window. The department has contended
that Sanders' wounds were severe enough
that he would not have survived
regardless, but the suit also challenges
this claim.

The lawsuit by the family of Daniel
Rohrbough and four other slain
students also charges law enforcement
teams with inaction on the day
of the killings. "Although numerous
deputies of the Sheriff
Department were in a position to
exchange gunshots with Harris and
Klebold when they exited the school
building, once again Defendants
failed to either stop them outside the
school or pursue the killers
into the school," it says.

The suit paints even Harris and Klebold
as perplexed by the inaction.
"Several minutes after first entering
the library, one of the killers
went to the windows of the library and
shot out several windows," it
reads. "The Defendants made no response.
Even the killers appeared
puzzled and amazed at the Sheriff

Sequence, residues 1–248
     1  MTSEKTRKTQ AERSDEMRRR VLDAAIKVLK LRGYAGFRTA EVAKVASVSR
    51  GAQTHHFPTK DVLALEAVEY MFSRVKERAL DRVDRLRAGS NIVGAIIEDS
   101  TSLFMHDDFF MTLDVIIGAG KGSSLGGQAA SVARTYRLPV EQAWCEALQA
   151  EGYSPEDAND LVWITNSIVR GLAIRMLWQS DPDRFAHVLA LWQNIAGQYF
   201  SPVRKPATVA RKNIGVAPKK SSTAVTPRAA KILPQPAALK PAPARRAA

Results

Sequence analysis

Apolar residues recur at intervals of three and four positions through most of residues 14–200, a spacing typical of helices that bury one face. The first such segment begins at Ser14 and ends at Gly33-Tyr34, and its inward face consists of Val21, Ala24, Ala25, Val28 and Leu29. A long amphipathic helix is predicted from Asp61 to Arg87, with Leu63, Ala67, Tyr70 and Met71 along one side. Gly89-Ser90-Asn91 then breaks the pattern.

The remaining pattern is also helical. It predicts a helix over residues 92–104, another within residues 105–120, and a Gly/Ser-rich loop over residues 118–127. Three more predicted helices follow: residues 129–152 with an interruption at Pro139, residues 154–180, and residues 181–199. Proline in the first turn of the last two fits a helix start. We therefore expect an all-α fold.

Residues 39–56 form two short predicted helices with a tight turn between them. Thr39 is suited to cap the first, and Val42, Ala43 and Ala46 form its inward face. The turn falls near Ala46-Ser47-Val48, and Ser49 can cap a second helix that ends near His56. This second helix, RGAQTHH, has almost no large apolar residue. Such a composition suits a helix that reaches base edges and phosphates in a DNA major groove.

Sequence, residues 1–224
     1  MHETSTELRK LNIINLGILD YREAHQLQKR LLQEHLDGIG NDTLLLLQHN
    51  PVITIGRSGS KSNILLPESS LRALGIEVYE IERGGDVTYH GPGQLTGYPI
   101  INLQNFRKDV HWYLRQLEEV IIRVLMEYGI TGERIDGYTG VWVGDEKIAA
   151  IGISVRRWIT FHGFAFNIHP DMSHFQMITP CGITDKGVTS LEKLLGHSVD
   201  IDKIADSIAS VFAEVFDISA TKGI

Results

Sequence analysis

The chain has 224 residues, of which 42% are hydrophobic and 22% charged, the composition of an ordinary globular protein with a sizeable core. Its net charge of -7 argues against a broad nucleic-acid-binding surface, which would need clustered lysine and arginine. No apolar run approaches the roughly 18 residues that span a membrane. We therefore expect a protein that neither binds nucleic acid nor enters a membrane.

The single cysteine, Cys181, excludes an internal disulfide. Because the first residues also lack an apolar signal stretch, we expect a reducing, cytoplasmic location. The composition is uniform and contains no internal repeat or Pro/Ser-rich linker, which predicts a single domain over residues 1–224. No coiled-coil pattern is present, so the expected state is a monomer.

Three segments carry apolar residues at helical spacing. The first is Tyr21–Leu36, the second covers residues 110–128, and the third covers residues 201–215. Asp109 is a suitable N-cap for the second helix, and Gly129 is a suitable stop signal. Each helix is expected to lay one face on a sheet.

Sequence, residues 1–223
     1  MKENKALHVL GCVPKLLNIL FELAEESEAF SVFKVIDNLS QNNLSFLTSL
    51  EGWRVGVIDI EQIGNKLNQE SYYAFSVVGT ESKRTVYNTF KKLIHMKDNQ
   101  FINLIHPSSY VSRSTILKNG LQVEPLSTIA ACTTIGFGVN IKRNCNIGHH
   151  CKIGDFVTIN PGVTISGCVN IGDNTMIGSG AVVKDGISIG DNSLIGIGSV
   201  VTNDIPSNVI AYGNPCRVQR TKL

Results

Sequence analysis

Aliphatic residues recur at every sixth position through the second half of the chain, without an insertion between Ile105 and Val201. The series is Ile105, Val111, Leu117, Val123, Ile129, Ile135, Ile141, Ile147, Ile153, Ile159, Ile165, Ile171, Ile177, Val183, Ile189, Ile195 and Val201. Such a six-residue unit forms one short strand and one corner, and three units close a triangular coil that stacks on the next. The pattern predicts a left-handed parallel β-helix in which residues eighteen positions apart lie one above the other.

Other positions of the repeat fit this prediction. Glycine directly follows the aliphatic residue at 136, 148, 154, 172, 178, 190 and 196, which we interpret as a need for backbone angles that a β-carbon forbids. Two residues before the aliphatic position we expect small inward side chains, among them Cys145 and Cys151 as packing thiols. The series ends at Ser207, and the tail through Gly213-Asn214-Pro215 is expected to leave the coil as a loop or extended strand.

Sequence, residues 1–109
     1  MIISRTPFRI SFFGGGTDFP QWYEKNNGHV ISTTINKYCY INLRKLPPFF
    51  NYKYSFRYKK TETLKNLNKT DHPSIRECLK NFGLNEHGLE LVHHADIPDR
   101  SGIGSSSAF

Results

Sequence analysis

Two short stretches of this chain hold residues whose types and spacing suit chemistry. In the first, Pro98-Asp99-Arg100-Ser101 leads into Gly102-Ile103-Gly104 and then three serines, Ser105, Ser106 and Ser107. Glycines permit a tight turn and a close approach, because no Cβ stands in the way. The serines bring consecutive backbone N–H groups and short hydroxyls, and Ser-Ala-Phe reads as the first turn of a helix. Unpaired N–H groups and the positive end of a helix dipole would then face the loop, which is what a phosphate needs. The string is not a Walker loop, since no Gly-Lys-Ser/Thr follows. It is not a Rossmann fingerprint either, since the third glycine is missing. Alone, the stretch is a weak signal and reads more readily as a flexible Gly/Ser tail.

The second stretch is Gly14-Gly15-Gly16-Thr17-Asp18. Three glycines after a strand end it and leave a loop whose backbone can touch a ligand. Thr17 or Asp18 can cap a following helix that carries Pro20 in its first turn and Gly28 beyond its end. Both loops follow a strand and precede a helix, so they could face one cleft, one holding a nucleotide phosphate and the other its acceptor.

Department's non-response to their
rampage."

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But the heart of this lawsuit lies in
its laying out a picture of two
contradictory responses: the SWAT teams
remaining outside to "secure
the perimeter" while the 911 operators
instructed students to remain
inside because there was "help on the
way."

"At the time the shooting began in the
library, the students and
teachers inside the library could have
easily escaped to the outside
of the building," the suit contends.
"However, the 911 operator ...
advised [teacher] Patti Nielson that
Sheriff's deputies employed by
Defendant Stone, paramedics and firemen
would soon be arriving in the
library and to stay there and on the
line with her."

But the command team had full intention
of carrying out a very
different plan, the suit contends. After
the killers entered the
building, but before they entered the
library, the command team "made
a deliberate and intentional decision to
limit the response of law
enforcement officers at the school to
'securing the perimeter,'" it